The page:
An extensive study of the Sunshine State's folk art legacy
Florida has an abundance of excellent artists whose work reflects the traditions of their many diverse communities. Yet there has been, until now, no major publication that focuses on the state's visual folk arts and folk artists.
Just Above the Water: Florida Folk Art includes an overall view of folk arts in Florida and individual profiles of over seventy artists, including Mary Proctor, Mario Sanchez, Nicholas Toth, Ruby C. Williams, and Purvis Young. The work of painters, sculptors, master saddlemakers, iconographers, and instrument makers is illustrated here in more than 200 black-and-white and color photographs.
Some consider folk art to be art created by self-taught individuals working in an idiosyncratic style, while others believe it to be the expression of traditional cultural forms. Kristin G. Congdon and Tina Bucuvalas argue that artists of both types express innovation and tradition. In many instances, a close examination of the artists and their work reveals much about Florida's cultural history. The artists clearly are not naive, simple, primitive, or quaint. Like the work they produce, they are sophisticated, expressing their creativity in relation to complex cultural backgrounds.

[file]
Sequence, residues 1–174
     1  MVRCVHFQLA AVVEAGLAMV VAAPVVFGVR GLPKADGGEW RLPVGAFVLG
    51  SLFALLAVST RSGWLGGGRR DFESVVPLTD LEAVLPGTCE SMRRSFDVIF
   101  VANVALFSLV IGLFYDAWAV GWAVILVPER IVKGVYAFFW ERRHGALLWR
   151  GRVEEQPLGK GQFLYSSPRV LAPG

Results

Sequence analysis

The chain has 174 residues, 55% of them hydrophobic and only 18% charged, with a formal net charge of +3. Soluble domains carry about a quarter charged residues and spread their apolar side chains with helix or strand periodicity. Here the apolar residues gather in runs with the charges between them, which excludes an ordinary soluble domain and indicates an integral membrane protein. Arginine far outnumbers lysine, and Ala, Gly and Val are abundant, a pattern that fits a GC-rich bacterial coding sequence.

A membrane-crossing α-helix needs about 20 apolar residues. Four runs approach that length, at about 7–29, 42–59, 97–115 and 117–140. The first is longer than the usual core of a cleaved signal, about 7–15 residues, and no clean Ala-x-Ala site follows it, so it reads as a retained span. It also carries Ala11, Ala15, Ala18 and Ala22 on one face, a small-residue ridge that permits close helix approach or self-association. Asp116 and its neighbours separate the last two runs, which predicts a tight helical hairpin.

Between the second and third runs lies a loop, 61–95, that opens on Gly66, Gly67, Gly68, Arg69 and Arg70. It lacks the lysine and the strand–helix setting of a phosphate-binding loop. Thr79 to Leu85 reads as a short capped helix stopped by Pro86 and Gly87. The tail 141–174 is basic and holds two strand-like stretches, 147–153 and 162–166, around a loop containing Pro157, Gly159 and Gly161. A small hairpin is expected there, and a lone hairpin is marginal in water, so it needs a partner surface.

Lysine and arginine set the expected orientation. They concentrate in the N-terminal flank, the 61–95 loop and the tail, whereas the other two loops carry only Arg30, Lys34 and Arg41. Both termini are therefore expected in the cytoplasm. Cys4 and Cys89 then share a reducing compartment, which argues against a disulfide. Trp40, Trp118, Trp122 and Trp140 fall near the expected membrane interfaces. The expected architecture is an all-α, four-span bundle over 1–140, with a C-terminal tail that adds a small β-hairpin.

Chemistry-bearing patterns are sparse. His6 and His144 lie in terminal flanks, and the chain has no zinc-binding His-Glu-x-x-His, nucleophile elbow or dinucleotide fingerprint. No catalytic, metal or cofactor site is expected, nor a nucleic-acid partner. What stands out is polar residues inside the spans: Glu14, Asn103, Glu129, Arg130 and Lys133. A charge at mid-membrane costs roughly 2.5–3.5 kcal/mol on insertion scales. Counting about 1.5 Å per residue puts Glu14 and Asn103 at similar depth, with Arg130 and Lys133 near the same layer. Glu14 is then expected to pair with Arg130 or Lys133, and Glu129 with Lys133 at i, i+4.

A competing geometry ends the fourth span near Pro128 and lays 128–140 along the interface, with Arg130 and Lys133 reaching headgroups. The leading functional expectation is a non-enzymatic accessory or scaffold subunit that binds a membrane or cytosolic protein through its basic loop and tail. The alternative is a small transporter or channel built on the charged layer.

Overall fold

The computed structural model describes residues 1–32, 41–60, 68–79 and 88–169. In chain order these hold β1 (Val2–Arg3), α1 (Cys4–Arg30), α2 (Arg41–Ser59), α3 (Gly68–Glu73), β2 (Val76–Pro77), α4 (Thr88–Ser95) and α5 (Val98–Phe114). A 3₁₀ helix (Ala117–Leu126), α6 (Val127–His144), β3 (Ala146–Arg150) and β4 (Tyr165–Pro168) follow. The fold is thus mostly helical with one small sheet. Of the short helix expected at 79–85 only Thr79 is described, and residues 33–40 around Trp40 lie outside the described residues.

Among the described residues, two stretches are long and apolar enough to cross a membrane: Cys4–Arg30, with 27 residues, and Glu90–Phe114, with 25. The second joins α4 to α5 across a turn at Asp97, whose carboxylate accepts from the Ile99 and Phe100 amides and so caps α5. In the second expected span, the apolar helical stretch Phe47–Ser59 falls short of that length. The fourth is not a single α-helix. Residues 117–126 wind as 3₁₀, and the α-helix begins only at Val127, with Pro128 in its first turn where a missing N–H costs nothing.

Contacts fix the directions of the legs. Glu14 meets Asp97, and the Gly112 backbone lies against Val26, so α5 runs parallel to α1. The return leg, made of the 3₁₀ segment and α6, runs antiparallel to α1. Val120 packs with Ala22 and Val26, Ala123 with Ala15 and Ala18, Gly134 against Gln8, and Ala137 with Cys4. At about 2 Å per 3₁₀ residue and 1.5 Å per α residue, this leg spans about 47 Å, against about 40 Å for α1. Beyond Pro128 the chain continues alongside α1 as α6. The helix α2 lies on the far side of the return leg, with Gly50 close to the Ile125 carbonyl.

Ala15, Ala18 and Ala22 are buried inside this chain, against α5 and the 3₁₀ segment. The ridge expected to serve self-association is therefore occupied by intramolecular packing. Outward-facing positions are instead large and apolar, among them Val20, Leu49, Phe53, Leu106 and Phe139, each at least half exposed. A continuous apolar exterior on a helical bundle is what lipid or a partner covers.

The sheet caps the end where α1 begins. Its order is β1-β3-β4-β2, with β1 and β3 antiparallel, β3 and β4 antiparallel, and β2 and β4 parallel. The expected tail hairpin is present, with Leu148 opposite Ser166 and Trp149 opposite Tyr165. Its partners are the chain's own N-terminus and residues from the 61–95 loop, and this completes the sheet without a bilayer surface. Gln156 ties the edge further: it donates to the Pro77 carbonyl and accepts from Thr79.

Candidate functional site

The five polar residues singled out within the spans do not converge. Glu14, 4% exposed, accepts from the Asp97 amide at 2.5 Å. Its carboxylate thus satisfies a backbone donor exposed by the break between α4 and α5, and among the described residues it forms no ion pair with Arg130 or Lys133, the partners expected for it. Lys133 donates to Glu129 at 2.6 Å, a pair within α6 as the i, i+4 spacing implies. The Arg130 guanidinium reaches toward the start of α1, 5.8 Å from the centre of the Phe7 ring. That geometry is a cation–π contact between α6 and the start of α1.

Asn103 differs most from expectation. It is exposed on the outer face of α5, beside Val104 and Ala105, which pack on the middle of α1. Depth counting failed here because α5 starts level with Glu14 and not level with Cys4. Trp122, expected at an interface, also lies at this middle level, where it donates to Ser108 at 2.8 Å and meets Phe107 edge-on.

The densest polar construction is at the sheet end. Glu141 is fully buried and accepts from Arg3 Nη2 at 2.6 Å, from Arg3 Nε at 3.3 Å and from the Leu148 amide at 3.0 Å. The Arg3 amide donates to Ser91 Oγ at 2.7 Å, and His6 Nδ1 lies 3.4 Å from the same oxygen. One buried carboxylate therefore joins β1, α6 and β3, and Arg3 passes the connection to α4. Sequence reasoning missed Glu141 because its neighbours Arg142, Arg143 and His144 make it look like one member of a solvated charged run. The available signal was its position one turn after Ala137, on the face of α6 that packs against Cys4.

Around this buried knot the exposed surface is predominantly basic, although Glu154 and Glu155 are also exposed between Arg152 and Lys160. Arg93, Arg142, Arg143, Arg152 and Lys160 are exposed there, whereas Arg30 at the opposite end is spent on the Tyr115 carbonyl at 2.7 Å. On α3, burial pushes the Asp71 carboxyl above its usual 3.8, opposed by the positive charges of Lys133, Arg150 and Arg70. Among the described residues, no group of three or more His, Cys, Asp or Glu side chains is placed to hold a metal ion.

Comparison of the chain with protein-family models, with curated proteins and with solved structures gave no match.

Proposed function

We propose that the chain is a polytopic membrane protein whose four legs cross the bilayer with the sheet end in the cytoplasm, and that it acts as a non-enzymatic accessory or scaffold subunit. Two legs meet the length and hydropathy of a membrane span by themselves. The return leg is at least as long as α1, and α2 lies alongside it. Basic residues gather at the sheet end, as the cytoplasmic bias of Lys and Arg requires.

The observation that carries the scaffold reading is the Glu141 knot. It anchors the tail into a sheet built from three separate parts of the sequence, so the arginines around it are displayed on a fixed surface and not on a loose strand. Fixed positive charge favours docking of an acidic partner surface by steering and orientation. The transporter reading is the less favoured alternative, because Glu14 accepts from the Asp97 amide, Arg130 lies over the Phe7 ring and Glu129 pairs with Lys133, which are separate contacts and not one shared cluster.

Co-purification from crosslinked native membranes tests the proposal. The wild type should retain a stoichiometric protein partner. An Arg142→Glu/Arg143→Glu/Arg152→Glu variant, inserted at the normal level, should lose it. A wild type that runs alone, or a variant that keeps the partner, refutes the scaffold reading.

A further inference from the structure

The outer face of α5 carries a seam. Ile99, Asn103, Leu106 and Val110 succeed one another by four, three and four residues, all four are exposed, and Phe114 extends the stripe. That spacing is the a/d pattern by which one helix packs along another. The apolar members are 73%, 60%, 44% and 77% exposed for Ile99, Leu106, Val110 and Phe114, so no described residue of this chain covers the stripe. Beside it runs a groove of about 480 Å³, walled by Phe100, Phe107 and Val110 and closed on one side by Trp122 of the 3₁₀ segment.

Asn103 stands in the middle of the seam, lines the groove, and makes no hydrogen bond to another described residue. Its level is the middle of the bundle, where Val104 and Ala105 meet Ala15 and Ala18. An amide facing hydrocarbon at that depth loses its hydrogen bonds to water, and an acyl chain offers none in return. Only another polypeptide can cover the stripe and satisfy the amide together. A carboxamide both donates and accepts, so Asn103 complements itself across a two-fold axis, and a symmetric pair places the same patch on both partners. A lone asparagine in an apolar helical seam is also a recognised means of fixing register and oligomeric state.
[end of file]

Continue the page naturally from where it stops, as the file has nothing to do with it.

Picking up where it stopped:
Kristin G. Congdon is a professor of film and philosophy at the University of Central Florida and lives in Winter Park, Florida. She is the author and editor of Uncle Monday and Other Florida Tales (University Press of Mississippi). Tina Bucuvalas is the state folklorist and supervisor of the Florida Folklife Program and is a coauthor of South Florida Folklife (University Press of Mississippi). She lives in Tallahassee, Florida.
Photo--Michael Kernahan by Ray Standard, courtesy Florida Division of Historical Resources
368 pp., 72 color illustrations, 200 b&w illustrations, foreword, index